Much like Android Windows 10 IoT Core is more of a presentation OS that is meant to drive basic physical outputs, display information and handle communications. Anything requiring hard real-time should be done with a companion microcontroller or other device that is better suited attached to the system.

This is not a huge departure for most users; any device running an OS has a much higher latency on small tasks compared with a simple microcontroller with just bare metal or simple RTOS.

Is Windows 10 IoT Core an embedded system?

Yes, it is intended for use in single purpose devices and is optimized for smaller devices with or without a display that runs on both ARM and x86/x64 devices.

Can I migrate my hardware from CE6.0/CE7.0 to WEC2013 or Windows 10 IoT Core?

It is possible but success will depend heavily on the CPU or module you are using on your target platform.

Windows 10 IoT Core is a closed system in terms of porting; only certain vendors have access to enable support on their modules or platforms unlike Windows CE that given the right knowledge could be done with effort on many platforms.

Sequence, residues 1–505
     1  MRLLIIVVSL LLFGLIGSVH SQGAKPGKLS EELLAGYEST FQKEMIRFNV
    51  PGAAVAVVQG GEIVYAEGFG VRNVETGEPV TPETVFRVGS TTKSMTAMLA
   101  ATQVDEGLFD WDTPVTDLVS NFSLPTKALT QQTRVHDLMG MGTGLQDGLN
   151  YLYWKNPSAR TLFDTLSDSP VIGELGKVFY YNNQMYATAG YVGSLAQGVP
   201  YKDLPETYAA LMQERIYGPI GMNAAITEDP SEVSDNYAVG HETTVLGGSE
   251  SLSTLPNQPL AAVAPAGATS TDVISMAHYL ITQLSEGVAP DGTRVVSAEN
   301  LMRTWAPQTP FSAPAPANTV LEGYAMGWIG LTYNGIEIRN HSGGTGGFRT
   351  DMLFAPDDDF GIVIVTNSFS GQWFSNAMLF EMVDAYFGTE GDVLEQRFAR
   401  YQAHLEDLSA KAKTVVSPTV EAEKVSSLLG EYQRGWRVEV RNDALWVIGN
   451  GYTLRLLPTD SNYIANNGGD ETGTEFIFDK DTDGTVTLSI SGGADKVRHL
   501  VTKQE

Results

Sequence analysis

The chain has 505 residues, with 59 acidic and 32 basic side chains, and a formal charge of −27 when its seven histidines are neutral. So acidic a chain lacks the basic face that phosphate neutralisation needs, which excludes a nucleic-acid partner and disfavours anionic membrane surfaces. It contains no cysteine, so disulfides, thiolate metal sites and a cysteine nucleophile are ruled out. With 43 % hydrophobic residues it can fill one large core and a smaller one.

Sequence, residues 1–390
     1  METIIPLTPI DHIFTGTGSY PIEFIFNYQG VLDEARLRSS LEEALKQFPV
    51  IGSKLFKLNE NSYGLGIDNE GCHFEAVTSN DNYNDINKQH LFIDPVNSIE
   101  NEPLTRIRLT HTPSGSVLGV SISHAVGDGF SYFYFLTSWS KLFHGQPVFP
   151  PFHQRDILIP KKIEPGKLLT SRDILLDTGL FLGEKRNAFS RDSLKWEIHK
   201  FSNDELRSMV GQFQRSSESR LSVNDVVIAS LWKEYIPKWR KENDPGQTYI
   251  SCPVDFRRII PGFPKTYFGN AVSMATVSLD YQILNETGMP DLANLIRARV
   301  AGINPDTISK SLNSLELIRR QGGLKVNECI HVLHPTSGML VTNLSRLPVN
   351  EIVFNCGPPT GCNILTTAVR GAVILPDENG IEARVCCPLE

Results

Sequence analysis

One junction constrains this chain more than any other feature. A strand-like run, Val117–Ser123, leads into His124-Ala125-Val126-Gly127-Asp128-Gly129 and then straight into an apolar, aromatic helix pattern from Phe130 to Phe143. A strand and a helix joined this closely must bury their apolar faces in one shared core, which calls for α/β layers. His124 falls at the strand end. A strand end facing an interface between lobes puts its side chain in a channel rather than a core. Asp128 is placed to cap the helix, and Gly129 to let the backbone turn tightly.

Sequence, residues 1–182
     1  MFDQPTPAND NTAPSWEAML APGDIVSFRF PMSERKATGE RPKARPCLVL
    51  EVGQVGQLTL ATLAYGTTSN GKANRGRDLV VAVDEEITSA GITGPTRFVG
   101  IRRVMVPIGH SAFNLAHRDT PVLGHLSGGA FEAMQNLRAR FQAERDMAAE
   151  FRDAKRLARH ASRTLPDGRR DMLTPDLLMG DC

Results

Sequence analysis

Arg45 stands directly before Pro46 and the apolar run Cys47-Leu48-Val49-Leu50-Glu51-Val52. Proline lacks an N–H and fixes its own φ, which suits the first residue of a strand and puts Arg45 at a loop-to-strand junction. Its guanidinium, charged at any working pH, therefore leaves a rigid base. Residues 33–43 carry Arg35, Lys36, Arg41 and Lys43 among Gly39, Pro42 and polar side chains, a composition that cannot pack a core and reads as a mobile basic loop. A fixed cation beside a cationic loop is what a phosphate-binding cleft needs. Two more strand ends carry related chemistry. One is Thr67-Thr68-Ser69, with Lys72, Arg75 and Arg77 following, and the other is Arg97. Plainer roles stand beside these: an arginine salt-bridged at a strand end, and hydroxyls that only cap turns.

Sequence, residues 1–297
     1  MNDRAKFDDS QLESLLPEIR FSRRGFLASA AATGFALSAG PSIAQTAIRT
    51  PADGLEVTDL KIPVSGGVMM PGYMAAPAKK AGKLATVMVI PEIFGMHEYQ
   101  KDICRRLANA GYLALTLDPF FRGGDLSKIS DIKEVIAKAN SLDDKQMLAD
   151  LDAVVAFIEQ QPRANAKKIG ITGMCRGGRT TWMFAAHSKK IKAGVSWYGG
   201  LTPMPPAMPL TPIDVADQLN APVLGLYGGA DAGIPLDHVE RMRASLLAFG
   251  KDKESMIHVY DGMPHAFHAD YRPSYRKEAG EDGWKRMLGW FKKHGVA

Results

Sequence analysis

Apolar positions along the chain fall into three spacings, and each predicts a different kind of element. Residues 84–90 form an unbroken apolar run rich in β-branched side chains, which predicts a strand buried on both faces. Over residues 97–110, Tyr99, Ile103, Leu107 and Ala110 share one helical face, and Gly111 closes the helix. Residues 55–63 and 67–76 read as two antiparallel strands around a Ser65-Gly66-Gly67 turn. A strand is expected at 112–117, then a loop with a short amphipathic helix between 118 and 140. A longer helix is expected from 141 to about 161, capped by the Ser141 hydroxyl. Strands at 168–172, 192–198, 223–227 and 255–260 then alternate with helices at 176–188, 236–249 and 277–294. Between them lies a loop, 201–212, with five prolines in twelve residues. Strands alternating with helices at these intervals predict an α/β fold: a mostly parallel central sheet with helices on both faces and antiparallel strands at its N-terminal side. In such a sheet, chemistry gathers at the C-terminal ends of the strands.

WEC2013 has higher basic requirements than CE6.0 which was happy to run on 64MB RAM. You are looking at a 256MB RAM as a sensible starting point. Windows 10 IoT Core has a minimum of 256MB but also requires at least 2GB of storage as well.

In short, most hardware migrations will require at least a redesign of the system CPU or CPU module and/or replacement with a device that has software support at a base level. This will then potentially require customisation to control the system as it did before.

Which version of Visual Studio do I use on WEC2013 or Windows 10 IoT Core?

WEC2013 can be used with Visual Studio 2012, 2013 or 2015. Windows 10 IoT Core has support using Visual Studio 2015 or 2017.

Is Visual Basic still supported?

WEC2013 and Windows 10 IoT Core support Visual C++, Visual C#, and Visual Basic. There are limitations with Windows 10 IoT Core when it comes to non-UWP apps, there is no legacy Win32 UI API for starters. What this means is that applications cannot call standard CreateWindow or other window handling functions from C++, also Windows Forms, WPF, and MFC classes are also not supported.

What is the footprint of WEC2013 or Windows 10 IoT Core?

Windows 10 IoT Core needs 256MB RAM and 2GB storage, while WEC2013 is less, 256MB RAM and 256MB storage is plenty for many systems.